| Elizabeth Royte
where does it all go?
Less than Barren
Friday, Mar 5, 2004 (11:11 AM)
While researching my book about garbage I've been continually drawn to Brooklyn's Barren Island, which used to be surrounded by the waters of New York's Jamaica Bay but is now connected to the mainland by fill, or buried trash. New York began dumping its refuse here in the middle of the nineteenth century and didn't stop till about sixty years ago. Most of this garbage is buried beneath asphalt and scrubby vegetation: you'd never know it's there. But walk the island's western beach at very low tide and you'll get a selective eyeful.
What you'll mostly see on the mudflats is glass, followed by small bits of rusted metal, and a scattering of poignantly twisted leather shoes. The glass glitters in the afternoon sun, and its broken shards tinkle delightfully at every crest of wavelet upon the shore. Here and there, nests of nylon stockings with seams up the back emerge from the eroding uplands. I've asked a dozen people where the stockings came from, but no one seems to know. There are zones of cold-cream pots and bathroom fixtures, and I've found odd bits of beautifully painted ceramic tiles and figurines, but the predominant material, as I said, is glass: green, brown, clear, and blue.
Barren Island, which appears on few modern maps, holds a special place in the city's garbage history. In the late 1850s, the first of many factories opened on this previously uninhabited island and began turning menhaden, an oily herring-like fish caught in local waters, into fertilizer. Scheming city politicians soon arranged to send household garbage this way, too. In the busy season, laborers unloaded seven or eight scows -- large, flat-bottomed boats with square ends -- a day, a total of 3,000 tons of refuse from Manhattan, Brooklyn and the Bronx, in addition to the daily horse boat, which held as many as fifty dead horses, plus cows, cats, dogs and pigs. Workers picked through the garbage for valuables, then boiled or steamed the rest in fifteen-foot-high steel cylinders. By 1860, writes Benjamin Miller in Fat of the Land, the island had "the largest concentration of offal industries in the world," producing 50,000 tons of oils, and tens of thousands of tons of grease, fertilizer and other products (bone black, hides, iron and tin) worth more than $10 million a year.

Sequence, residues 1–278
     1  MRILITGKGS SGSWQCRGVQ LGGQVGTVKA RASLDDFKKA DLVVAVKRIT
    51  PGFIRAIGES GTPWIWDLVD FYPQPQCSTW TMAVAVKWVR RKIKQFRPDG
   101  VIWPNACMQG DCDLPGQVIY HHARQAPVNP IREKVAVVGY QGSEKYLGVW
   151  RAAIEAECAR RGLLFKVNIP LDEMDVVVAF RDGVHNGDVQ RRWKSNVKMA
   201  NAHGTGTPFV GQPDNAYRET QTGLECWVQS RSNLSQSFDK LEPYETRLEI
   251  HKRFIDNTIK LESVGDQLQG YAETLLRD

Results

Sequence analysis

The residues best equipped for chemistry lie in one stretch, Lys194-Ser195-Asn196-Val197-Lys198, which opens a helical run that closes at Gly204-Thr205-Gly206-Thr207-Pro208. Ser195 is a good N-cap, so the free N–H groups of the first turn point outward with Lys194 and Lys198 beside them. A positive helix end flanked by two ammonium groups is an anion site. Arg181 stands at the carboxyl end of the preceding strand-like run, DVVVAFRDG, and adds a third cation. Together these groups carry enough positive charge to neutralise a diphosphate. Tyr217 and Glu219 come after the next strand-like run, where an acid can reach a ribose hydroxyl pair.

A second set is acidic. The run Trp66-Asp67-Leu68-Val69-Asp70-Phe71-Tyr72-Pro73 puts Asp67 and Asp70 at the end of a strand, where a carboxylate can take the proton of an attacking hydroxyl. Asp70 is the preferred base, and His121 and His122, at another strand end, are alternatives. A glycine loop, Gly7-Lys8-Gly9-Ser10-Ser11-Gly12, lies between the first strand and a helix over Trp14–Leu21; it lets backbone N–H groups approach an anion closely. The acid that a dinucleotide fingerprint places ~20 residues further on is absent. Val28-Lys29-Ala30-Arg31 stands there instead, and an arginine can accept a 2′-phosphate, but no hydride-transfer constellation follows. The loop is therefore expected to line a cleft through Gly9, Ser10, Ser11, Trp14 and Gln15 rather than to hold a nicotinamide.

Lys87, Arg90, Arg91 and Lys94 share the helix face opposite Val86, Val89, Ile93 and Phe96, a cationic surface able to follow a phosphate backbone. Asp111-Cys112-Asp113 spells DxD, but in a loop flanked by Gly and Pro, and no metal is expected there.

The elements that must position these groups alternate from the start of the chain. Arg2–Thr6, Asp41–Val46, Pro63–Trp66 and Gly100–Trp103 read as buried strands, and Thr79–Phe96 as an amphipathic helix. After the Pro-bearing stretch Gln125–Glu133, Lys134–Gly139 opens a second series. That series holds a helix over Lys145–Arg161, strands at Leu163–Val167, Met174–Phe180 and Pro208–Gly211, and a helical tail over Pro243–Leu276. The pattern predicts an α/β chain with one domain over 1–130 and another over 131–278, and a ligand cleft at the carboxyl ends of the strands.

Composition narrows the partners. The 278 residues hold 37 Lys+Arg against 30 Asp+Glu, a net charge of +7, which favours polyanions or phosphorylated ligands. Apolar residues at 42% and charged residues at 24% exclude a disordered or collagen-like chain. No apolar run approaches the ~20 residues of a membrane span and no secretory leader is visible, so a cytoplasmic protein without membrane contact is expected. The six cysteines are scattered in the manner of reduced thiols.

Starting in 1909, the city began to fill the north side of the island with refuse, and numerous small islands were connected for the construction of houses and a naval air station, which would later be expanded to create Floyd Bennett Field, the city's first municipal airport. Politics and economics closed manufacturing plants through the 1920s, and by 1935 the single remaining factory on Barren Island was dismantled. In 1936, the city planner Robert Moses evicted the last residents of Barren Island in order to build his Marine Park Bridge, which brought motorists over the Bay to the Rockaway Peninsula.
Anthropologists have done limited digging on the island, but a collection of their artifacts resides in a storage room at the headquarters of Gateway National Recreation Area, at Fort Wadsworth on Staten Island (Barren Island is part of the Recreation Area's Jamaica Bay unit). I visited the Fort to see what the anthropologists - who'd been digging inland, where the oldest stuff was dumped - had considered worth saving. Among the items bagged in Ziplocs were a brass ring, glass and wooden beads, marbles, a porcelain bottle stopper, silver-plated beard-trimming scissors, an ironstone butter plate, an elaborately decorated silver spoon, a dog license from 1912, and a toy horse made of brass. According to a former park anthropologist, many of the artifacts date from the 18th and 19th centuries.
In a separate box, carefully swaddled in packing paper, were a dozen intact milk, medicine, and beer bottles. Why was glass so ubiquitous on the island? Because glass is what remains. It doesn't currently have value for recyclers or scavengers in this city (though making new glass from old glass is far simpler, cleaner, and energy efficient than doing the same with plastic containers), and it doesn't break down over human-scale time. Across the nation, many municipalities have dropped glass from their curbside recycling programs. The material is heavy to transport, it shatters easily, and it contaminates other recyclable materials. Even if beverage bottles could be kept intact, the infrastructure for refilling them no longer exists. It was discouraging to think so many modern cities could find no outlet for their Everests of household glass. Then again, neither had the waste brokers, intent on squeezing every last bit of value from the city's garbage, of Barren Island.
|03/02||Rising from the Dead|
|03/05||Less than Barren|
|03/08||New York's Strongest|
|03/11||Scrapping over Nickels|
|03/15||Let it Burn?|